If their information is crucial to the operation of the club, welcome it. Toastmasters runs well because of policies. If a member knows them well, they’re a valuable asset to the club, helping to preserve organizational integrity. However, don’t always accept everything they say as truth. “Made-up” rules and long-standing traditions that seem like rules are not uncommon. Perform due diligence to research and understand the policies and rules yourself.
4 The High-conflict member is particularly toxic to the club. They exhibit behavior consistent with narcissism and histrionic, borderline and antisocial personality disorders. They argue, debate, even intimidate. They often initiate, escalate and perpetuate conflict, usually with themselves at the center. They blame others, and will not take responsibility for their part in a conflict. They think people are either with them or against them, or 100 percent good or 100 percent bad. If anyone is against them, they’re forever against them. They can be explosive and unpredictable, and will try to gather allies in their conflicts, often creating division in a group.
This is one of the toughest personalities to deal with, but deal you must because the damage they can do may be extensive. You cannot change their behavior, but you can change your reaction to it. If you confront them about the behavior, you’ll likely create a new conflict or exacerbate an existing one. Bill Eddy, the president of High Conflict Institute, is an award-winning author, lawyer, therapist and mediator, and an international expert on managing high-conflict disputes. In his book BIFF: Quick Responses to High Conflict People, he describes a four-point response. He says if you must interact with this problematic person, keep your response BIFF: Brief, Informative, Friendly and Firm. Be brief and concise. Give only the facts and not emotions. Be friendly, polite, firm, clear and direct. If conflict escalates, consider engaging your district or regional leaders. Make it a priority to resolve or mitigate conflict.
5 The Latecomer is consistently late to meetings. When on the agenda, their tardiness causes last-minute role shuffling. Even if they are not on the agenda, their arrival is disruptive and distracting.
Check your room logistics. An entrance in the back of the room is less distracting. Still, a chronic latecomer may disrupt the meeting. The best approach is in a private conversation. Publicly calling them out is usually counterproductive. Start the meeting on time to show respect to the members who are punctual. The General Evaluator can comment on the importance of punctuality, without mentioning latecomers by name.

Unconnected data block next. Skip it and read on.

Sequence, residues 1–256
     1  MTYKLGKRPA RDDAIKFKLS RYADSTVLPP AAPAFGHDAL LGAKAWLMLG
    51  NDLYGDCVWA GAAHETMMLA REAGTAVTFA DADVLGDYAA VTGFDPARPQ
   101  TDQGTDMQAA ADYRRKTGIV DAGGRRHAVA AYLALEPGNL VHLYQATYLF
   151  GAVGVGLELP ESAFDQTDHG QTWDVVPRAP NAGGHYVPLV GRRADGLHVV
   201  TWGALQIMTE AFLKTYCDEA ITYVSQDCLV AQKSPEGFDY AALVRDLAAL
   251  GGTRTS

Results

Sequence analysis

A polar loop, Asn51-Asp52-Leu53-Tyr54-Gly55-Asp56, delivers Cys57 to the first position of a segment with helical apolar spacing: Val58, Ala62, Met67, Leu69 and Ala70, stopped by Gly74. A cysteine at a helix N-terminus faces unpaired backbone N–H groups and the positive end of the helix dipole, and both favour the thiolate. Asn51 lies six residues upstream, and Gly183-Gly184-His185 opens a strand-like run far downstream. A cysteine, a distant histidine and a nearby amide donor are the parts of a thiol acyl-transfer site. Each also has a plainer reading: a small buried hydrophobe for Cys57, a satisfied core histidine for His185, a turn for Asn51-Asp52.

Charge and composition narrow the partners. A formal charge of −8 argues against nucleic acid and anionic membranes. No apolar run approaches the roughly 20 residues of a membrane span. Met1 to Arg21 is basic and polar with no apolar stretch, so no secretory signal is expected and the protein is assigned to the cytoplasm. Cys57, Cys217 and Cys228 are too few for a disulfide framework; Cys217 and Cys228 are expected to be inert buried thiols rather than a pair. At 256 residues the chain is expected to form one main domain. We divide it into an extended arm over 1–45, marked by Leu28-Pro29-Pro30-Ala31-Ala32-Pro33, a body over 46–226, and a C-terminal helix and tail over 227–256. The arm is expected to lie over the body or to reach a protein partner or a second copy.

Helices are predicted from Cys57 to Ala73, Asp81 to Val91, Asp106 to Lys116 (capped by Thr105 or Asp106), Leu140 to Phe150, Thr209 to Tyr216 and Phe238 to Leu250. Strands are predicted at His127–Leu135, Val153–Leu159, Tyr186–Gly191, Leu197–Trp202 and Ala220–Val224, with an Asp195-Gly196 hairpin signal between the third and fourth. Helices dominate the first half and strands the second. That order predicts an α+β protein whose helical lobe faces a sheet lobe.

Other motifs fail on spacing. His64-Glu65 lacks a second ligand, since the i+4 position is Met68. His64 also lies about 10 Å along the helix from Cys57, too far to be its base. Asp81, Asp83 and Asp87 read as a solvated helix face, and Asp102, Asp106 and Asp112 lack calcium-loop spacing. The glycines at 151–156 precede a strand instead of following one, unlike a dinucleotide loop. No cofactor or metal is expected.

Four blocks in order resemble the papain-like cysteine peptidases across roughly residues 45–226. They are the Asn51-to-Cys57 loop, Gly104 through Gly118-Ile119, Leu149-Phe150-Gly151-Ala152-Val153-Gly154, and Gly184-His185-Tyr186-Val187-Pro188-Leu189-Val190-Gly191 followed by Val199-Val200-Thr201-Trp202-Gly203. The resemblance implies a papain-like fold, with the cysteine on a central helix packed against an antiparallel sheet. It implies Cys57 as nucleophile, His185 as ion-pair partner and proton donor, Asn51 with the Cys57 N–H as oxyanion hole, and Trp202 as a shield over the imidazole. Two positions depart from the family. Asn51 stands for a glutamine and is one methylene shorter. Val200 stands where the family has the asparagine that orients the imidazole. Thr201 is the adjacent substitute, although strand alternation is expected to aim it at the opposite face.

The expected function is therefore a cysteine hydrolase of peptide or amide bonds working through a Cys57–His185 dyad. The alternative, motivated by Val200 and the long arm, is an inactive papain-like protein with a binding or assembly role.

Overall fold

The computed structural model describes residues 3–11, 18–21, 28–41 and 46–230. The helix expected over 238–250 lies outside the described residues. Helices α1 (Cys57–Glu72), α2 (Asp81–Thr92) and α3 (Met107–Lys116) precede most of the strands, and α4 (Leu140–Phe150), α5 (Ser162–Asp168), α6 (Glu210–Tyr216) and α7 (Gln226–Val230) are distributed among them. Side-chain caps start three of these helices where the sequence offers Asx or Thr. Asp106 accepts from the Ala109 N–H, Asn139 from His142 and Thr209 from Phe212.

In private, ask the latecomer if there is a particular reason for their consistent tardiness, and suggest ways to help. Gently point out how being late inconveniences everyone. Remind them of how they are hurting themselves if their role is reassigned because they won’t get credit or the experience of performing the role. Seek their agreement and commitment to be on time.
6 The Gossiper delights in passing along “juicy information” about someone else. The information may be true, but it’s rarely flattering. Gossips speculate, criticize and divide. Their words take on a life of their own, spreading throughout the club or district like a pervasive weed.
If you hear gossip, don’t engage. Shut down the conversation by walking away, remaining silent or offering kind words of contrast such as, “Maybe she did that because she was tired” or “I need to see that for myself before I believe it.” Always model the behavior that you wish to see. If you are the club president and the gossip is particularly divisive, you may need to speak privately with the offender to explain the detrimental effect on the club.
7 The Eccentric is unusual, quirky or peculiar. They just seem out of step with conventional standards. Maybe they dress differently, have an unusual habit, or are hyperfocused on a specific topic. Others may think they are mentally deficient, but they are not. In Eccentrics: A Study of Sanity and Strangeness, American-born and British-educated psychiatrist David Weeks writes how eccentrics are often physically healthier and significantly happier than “normal” people. He says they typically exhibit five similar characteristics: they are nonconformist, creative, intensely curious, idealistic and unconcerned with how they contrast with conventional culture. Yet, their presence in a Toastmasters setting can be unsettling to some.
Eccentrics aren’t really difficult; they’re just different. As long as they don’t obstruct club operations or cause conflict, let them be. Accept them as they are, and extend a warm hand of inclusion. Enjoy the diversity they bring to the club.
Seek to Influence
John Hancock, the American Revolution statesman, wrote, “The greatest ability in business is to get along with others and to influence their actions.” Maddening members will always be around us, but we can learn strategies to help us react to them. Conflict is not bad. Unresolved conflict is. An excellent resource is the Resolving Conflict module of the Toastmasters Leadership Excellence Series. It is filled with practical advice. Embrace the chance to develop these skills.
The beauty of Toastmasters is mingling with a fascinating kaleidoscope of people from different backgrounds, with different perspectives and on different journeys. When your path intersects with another’s, consider it an opportunity to impact your world. Winnie the Pooh sums it up with more wisdom: “A little consideration, a little thought for others, makes all the difference.”